Perfection vs Keeping it Real

Full cascading hair, narrow face structure, almond-shaped eyes, and Angelina Jolie’s famous full lips – these are the ideal features of a beautiful woman. Or are they?

A recent survey found that one in three Singaporean youths feel it is perfectly acceptable to go for cosmetic procedures at their age. According to Dr Frederick Lukash, a New York plastic surgeon interviewed by The New York Times, many youths “do it to fit in.”

Images of ‘perfect’ men and women on advertisements and social media subtly influence us into thinking we need a specific product in order to look appealing. What youths are not consciously aware of is that many of these images today are edited computer composites.

Youths are at the phase in their lives where they are discovering their identities and are susceptible to conforming to society’s pervasive ideal values and beauty standards. Hence, it is hardly surprising that many of them believe it is not wrong to undergo plastic surgery as a ‘corrective measure’ in order to gain recognition from others or just to look ‘normal’.

It is unfortunate that many youths feel great dissatisfaction over their looks.

In our role as parents, guardians, relatives, mentors, teachers or friends, our role is not merely to shelter our next generation from negative influences that affect their sense of self-worth, but also to help them develop strong, positive values that can strengthen their self-esteem. We can do this by:

  • Connecting genuinely: Ensure that they are comfortable approaching you with any frustrations they may have about their looks. Be slow to judge or dictate how they should feel, and make the effort to truly understand their point of view.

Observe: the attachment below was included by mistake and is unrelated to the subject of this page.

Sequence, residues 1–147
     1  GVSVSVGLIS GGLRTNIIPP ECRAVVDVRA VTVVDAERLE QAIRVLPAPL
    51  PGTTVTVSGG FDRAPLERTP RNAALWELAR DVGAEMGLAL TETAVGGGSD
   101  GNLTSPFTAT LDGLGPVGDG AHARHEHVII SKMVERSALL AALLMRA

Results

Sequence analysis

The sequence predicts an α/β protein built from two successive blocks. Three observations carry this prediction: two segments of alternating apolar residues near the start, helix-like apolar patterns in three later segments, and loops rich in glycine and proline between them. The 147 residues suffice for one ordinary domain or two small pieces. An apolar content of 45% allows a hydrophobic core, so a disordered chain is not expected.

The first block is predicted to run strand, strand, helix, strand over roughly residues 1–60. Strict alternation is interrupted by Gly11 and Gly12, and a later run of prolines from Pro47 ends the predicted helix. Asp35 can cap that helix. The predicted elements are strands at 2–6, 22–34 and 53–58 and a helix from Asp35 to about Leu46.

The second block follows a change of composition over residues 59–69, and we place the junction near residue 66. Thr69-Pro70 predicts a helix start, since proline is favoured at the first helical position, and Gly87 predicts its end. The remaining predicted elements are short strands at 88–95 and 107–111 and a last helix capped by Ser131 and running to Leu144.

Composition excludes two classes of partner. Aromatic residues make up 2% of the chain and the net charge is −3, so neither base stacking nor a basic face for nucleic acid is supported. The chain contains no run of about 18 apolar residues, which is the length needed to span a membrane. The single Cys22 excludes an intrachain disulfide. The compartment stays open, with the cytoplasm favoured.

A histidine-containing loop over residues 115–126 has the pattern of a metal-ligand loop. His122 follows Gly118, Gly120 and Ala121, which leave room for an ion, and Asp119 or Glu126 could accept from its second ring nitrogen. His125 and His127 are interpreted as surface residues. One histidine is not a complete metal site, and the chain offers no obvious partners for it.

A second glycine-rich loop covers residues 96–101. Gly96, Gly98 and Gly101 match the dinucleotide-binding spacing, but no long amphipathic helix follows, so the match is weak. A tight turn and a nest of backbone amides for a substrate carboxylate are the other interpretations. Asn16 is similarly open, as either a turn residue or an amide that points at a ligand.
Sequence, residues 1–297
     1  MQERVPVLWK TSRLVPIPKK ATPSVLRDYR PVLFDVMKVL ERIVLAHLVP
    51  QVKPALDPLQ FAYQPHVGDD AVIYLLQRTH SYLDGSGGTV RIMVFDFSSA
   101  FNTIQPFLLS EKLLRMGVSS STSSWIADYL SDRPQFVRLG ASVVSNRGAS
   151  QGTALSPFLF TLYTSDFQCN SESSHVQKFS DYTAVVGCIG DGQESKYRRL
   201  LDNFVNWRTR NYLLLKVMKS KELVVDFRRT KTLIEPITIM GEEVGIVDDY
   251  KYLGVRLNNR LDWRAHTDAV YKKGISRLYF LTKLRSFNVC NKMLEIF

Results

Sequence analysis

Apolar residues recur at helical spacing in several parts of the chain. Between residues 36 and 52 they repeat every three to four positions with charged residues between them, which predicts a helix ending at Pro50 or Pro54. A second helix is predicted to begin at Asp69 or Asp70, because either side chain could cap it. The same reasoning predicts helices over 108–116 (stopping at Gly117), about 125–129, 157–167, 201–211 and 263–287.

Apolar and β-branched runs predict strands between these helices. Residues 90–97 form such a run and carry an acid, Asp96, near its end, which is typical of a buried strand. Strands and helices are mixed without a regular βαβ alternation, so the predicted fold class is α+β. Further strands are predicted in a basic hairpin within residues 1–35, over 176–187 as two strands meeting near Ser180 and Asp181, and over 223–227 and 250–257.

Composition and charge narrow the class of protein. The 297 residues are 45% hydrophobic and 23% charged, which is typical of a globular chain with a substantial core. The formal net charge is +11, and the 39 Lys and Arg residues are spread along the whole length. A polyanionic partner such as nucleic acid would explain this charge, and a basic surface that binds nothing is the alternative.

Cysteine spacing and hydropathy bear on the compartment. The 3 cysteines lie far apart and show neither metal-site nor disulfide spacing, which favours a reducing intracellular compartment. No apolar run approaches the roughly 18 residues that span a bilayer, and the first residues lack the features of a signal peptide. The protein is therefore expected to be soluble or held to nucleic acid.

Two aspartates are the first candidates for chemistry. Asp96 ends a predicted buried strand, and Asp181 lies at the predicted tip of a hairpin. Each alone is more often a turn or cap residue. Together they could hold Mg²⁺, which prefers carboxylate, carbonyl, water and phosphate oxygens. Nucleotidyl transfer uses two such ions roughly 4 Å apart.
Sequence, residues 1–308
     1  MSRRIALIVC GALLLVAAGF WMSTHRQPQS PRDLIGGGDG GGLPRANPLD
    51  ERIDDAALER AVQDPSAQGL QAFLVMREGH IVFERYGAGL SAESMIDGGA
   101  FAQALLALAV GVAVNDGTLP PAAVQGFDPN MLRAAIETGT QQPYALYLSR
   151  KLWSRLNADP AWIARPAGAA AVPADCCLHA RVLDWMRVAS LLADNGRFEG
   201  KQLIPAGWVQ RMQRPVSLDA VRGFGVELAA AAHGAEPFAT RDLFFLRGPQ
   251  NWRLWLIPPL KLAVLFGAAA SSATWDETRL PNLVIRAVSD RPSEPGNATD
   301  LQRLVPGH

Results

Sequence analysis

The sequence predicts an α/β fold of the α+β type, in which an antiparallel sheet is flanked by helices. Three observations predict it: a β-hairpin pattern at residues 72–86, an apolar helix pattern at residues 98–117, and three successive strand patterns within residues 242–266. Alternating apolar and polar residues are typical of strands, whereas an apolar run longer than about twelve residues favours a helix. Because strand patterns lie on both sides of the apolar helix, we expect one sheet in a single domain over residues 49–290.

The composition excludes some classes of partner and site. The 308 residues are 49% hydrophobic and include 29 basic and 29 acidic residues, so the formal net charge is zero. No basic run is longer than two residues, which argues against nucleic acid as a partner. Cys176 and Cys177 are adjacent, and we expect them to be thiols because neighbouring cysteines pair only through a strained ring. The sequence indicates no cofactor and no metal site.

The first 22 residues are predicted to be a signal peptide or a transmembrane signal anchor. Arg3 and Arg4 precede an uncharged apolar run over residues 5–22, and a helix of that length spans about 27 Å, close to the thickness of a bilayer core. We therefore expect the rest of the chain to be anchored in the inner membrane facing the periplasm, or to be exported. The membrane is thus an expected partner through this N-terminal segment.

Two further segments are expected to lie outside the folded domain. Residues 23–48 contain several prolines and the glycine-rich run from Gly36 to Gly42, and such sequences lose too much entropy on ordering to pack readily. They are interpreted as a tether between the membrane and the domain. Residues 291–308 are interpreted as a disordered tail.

• Encouraging character development: Looks matter, but they are temporal. Remind them that what’s inside is most important. We are wholesome only when we balance presentation with positive character and values.
  • Providing meaningful affirmation: This is especially important when they are being teased because of their looks. During this sensitive period when a youth’s self-esteem is fragile, your reminders about their uniqueness and value will go a long way. Remind them that their worth is not based on attaining society’s seemingly ‘perfect’ images.
  • Setting a good example for a balanced, healthy lifestyle: Youths pick up habits, attitudes, and mindsets (good or bad) from you. Model a healthy self-image for them and implement family practices like eating healthily and exercising regularly together.
  • Role-modelling self-love and confidence: If you constantly express dissatisfaction with your weight or facial features (from the small grouses like “My tummy is so big!” to the “I wish my ears were smaller”) yet tell them that they are fine as they are, it sends across mixed signals – and your actions will eradicate the impact of your words. Being confident and loving yourself as you are will give the youths you are interacting with an example to follow.

To quote Zoe Kravitz, an American actress and model: “Beauty is when you can appreciate yourself. When you love yourself, that’s when you’re most beautiful.”  Let’s be there to sincerely say to our youths, “You are beautiful even when you think you aren’t, and I love you for who you are.”

Editor’s note: Are you curious to know what youths think about plastic surgery? We asked an undergraduate to pen her thoughts, and her unique yet heartwarming perspective is definitely worth reading. Keep a look out for it this Saturday!

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